Donna Gambrell, Appalachian Community Capital, Ray Daffner, Opportunity Appalachia
For Opportunity Exchange
May 17, 2021
At Opportunity Appalachia, we are working with a group of 16 projects in rural Central Appalachia (OH, VA, and WV) to provide technical assistance and structure financings with social and financial returns, bringing new investment and jobs to hard hit rural communities in federally designated Opportunity Zones.
After a year-long effort to provide design and architectural support, complete market assessments, develop business plans and prospectus, and facilitate investor introductions, 7 projects have identified financing sources and are anticipated to close on +$100M in 2021-22, creating more than 745 jobs in coal-impacted communities. An additional 6 projects are likely to be financed later in 2022 at +$140M resulting in the creation of +270 quality jobs. As part of our efforts to maximize impact, many of these jobs target persons in recovery from substance abuse in our Appalachian coal communities.
These projects were drawn from a group of 42 applicants, and were selected for participation based on factors such as level of community support, anticipated community impact, and sponsor capacity. In all cases, the selected projects were missing critical components required to move forward, but all had substantial promise to transform their communities.
Participating communities include places like Chillicothe, Ohio (population 21,700), Galax Virginia (pop 6,700), and Grafton, West Virginia (pop. 5,000) – promising places overlooked by conventional financial institutions. The participating projects support manufacturing facilities, downtown development, tech business, agricultural facilities, hotels / housing, broadband deployment, and retail enterprises, and are particularly important at this challenging time as local economies look to restart as public health concerns resolve.
To advance these local efforts we assembled project technical assistance (TA) teams that worked with each community to address identified gaps. The teams were composed of local, regional, and national TA providers, and included market research groups, state-wide architectural and engineering firms, regional CDFIs for financial structuring support, specialized consulting groups focused on select industries (broadband, recreation, agriculture …), and leading national development organizations (e.g. National Development Council).
In addition, Main Street America (a preeminent national downtown development organization) and Coastal Enterprises Inc (a prominent national rural development CDFI) served on our program Steering Committee as national partners, providing invaluable guidance throughout the process.
As we undertook our TA work, we outreached to over 40 private investors and federal and state agencies, facilitating investor access that was otherwise unavailable to our rural projects. Presentation of pre-vetted projects to specific investors with a strategic fit, and providing highly visible access across multiple platforms – e.g. the Federal Reserve Bank Investment Connection, Opportunity Exchange, CDFA, and our Opportunity Appalachia sponsored Investor Convening pitch event – were important to successfully reach, and create credibility with, the investor community. As a result, participating projects have identified financing from a diverse range of sources including OZ QOFs, NMTC CDEs, HTC investors, CDFIs, banks, and federal agencies.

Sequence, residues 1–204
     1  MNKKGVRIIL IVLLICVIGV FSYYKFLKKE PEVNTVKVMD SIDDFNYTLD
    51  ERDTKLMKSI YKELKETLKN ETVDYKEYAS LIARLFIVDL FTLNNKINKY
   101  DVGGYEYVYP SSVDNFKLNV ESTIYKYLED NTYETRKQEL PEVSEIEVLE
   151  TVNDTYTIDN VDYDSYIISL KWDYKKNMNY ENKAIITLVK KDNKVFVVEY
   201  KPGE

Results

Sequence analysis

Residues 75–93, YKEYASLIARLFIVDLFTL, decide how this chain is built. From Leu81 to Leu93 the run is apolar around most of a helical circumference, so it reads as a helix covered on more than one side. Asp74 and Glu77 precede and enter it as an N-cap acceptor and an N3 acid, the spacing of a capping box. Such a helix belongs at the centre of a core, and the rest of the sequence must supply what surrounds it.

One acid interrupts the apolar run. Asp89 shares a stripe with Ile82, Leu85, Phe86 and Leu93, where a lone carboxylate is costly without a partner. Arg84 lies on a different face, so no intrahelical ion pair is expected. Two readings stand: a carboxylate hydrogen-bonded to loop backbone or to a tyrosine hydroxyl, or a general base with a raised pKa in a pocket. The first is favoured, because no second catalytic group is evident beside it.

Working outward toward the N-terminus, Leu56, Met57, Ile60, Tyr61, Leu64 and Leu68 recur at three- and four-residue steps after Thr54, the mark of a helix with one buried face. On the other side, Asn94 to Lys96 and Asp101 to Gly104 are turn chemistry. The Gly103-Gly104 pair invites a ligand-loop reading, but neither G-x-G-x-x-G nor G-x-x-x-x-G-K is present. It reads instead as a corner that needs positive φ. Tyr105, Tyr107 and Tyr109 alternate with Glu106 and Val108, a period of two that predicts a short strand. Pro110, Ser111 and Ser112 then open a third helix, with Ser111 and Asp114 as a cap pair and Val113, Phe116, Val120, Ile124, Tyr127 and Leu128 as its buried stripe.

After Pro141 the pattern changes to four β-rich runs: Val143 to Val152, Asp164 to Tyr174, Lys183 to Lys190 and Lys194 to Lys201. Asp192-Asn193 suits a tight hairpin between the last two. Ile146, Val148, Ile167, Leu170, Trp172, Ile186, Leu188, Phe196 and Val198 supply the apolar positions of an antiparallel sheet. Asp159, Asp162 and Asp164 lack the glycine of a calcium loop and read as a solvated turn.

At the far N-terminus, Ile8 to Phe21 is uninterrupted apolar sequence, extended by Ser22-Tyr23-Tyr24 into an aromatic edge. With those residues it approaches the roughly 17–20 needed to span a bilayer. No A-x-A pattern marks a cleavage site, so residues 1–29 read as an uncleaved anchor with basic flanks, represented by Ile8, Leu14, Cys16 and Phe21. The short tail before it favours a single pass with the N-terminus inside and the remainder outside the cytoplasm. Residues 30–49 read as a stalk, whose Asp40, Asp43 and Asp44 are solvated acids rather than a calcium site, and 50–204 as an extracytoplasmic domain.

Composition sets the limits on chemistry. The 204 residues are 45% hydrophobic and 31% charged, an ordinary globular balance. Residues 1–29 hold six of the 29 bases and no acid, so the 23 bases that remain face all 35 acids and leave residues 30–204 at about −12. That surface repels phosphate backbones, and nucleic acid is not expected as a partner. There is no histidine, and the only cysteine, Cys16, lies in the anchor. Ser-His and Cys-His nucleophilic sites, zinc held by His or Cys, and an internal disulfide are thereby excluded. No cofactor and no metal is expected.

Some lessons learned include:
1. Stay close to the community – our program Steering Committee is composed of leading development groups in the target states with strong local relationships, which were essential to both assess local capacity, and to address challenges as projects progressed.
2. Investor participation is a full contact sport – Our ongoing outreach, institutional partnerships, and vetted portfolio provided both visibility and credibility for projects in rural communities often overlooked by the investor community.
3. Fill the gap – We worked with a group of 40 for-profit and non-profit TA providers through an RFQ process to support high quality multi-disciplinary teams to address the identified needs required to move each project forward.
4. Rethink / re-strategize when needed – when several projects hit roadblocks, we worked with communities and their TA teams to rethink the opportunity, which sometimes resulted in projects with additional sources of equity (e.g. NMTC), or downsized and phased projects that better fit available cash flows.
5. Focus on impact – when in doubt, keep the eye on the goal; transformative projects that catalyze change in low wealth communities. Using impact as our north star enabled decision making that cost effectively used / reprogrammed our resources – and identified additional resources – for maximum community benefit.
More information on Opportunity Appalachia is available at https://appalachiancommunitycapitalcdfi.org/oa-program/
View Opportunity Appalachia projects at https://www.theopportunityexchange.com/OppAp/profile/
Opportunity Appalachia is a Forbes Opportunity Zone 20 Catalyst, which denotes a top national example of community-focused efforts to revitalize distressed communities. Opportunity Appalachia is supported by a $1MM POWER grant from the Appalachian Regional Commission with additional support from the Benedum Foundation, and is managed by Appalachian Community Capital, a 24-member CDFI intermediary whose members and their affiliates manage over $1 billion in assets supporting economic development in Appalachia.